The new connecting road K 24n is to be built in the most northern expanses of the coal mining area in the Ruhr region. The road axis runs through an area partly affected by old surface near mining operations. The coal is located in two seams, both dipping north with an angle of approx. 11°. These seams have been mined by three potential drifts, which have been identified by a geophysical field study.
The open pit mine is part of a Greenfield exploration project. Itasca Consultants GmbH in corporation with Itasca Chile were contracted to develop a stability design of the pit. The analysis has been performed using Itasca’s three-dimensional distinct element code, 3DEC (Itasca, 2016).
The road construction department of district Steinfurt, a district in the north of the coal mining area in the Ruhr region, is planning the construction of the new road K 24n. The road axis runs through an area partly affected by old mining operations. These mining operations took place between 1880 and 1921.
Boliden AB is constructing an underground repository for final storage of process waste material from the Rönnskär copper smelter facility. The repository is excavated at a depth of 330 m and the main components are storage rooms with a vertical footprint of 16 by 18 m and with lengths varying between 50 and about 200 m. Itasca was contracted by Boliden to carry out rock mechanical analysis to assess the stability in both the short- and long-term (3000 years) perspectives. FLAC3D and 3DEC models were used to study global and local stability as well as the potential for long term effects on flow paths in the rock mass resulting from the excavation of the repository.
As part of the EU Horizon 2020 ENIGMA ITN project, ICSAS, the CNRS, and SKB proposed a PhD project entitled “Flow and transport in fracture networks: reducing uncertainty of DFN models by conditioning to geology and geophysical data”, to develop and test a methodology for rock characterization that would help in the decision-making process for an adequate location of the nuclear waste canister burying.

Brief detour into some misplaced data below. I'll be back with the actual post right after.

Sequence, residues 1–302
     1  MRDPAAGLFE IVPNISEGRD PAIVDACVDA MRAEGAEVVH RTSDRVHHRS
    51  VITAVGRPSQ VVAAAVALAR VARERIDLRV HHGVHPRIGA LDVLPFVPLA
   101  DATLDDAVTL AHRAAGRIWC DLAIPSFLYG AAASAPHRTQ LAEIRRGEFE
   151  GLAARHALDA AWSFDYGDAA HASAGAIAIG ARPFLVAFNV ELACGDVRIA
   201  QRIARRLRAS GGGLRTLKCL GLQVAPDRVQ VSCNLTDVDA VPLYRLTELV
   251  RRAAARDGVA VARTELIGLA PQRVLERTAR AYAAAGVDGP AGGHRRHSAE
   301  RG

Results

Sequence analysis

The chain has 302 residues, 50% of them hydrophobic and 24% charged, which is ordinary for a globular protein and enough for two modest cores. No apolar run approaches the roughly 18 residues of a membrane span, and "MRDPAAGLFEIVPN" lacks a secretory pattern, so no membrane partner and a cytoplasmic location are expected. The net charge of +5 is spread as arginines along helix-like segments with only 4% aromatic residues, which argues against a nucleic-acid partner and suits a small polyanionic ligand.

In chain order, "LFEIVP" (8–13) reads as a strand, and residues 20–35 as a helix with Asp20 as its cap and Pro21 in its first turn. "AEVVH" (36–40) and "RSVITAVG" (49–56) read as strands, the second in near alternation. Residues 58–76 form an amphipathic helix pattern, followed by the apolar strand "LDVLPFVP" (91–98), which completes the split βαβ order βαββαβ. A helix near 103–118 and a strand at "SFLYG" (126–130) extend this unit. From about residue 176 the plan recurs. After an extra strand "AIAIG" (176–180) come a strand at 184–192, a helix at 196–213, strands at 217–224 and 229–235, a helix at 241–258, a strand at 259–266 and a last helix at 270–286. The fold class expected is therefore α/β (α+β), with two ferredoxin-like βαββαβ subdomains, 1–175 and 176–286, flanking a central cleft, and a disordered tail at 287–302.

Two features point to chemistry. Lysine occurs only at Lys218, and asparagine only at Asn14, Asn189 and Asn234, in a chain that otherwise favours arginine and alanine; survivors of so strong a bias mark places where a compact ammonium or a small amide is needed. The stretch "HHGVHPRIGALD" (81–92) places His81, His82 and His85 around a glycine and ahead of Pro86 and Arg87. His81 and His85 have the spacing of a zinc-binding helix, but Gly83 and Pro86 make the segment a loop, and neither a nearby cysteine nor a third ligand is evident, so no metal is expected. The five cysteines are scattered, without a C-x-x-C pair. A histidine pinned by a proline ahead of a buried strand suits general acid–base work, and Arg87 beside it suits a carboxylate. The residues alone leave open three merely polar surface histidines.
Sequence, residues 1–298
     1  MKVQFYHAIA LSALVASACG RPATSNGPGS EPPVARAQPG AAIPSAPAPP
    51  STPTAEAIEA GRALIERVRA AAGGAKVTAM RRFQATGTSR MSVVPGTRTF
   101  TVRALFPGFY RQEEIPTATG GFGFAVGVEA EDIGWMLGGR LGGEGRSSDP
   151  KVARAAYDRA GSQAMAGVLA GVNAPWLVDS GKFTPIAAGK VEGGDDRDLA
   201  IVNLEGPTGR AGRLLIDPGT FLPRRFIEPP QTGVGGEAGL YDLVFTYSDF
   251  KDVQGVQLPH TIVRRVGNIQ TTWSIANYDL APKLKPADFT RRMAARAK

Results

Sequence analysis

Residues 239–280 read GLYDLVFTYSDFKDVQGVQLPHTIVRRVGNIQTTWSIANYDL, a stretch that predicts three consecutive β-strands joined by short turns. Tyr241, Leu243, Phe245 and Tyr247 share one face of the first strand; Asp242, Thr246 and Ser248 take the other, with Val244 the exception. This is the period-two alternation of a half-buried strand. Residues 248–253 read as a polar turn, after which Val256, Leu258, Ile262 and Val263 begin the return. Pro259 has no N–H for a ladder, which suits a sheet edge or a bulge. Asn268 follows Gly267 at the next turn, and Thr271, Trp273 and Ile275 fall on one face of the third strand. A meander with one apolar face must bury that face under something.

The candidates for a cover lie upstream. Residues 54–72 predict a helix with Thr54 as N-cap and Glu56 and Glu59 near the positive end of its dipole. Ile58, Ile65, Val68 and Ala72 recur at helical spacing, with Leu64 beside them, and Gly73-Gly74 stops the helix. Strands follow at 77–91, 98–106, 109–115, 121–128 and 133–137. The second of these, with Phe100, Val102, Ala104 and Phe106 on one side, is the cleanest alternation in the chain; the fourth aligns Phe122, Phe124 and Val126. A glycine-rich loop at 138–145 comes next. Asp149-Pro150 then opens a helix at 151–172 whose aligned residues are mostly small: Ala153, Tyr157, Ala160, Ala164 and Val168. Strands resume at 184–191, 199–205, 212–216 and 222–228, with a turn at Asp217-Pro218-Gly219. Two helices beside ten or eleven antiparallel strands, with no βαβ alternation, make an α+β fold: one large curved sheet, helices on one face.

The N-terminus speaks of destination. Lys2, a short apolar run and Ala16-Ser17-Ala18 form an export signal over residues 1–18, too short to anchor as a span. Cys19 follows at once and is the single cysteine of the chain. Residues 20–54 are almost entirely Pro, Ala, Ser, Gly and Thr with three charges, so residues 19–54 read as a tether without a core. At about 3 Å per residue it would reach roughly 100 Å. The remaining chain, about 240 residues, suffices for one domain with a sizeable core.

Long-term storage of spent fuel is critical to the nuclear energy industry. The Swedish Nuclear Fuel and Waste Management Company (SKB) is developing an approach for the storage of spent nuclear fuel in an underground repository in competent crystalline rock. In order to better understand the spalling damage process, an in-situ test involving the drilling of two boreholes was performed in Äspö diorite at SKB’s underground hard rock laboratory in Äspö. Tests and monitoring were performed on the pillar that separated the boreholes. In order to further investigate the damage process, Itasca performed numerical modeling using PFC3D and FLAC3D.
SKB is interested in developing a 3D discrete model to predict spalling on the excavation boundaries of underground repositories for the long-term storage of spent nuclear fuel. This project provided a quantitative assessment of modeling spalling using PFC3D to study both lab- and tunnel-scale behavior.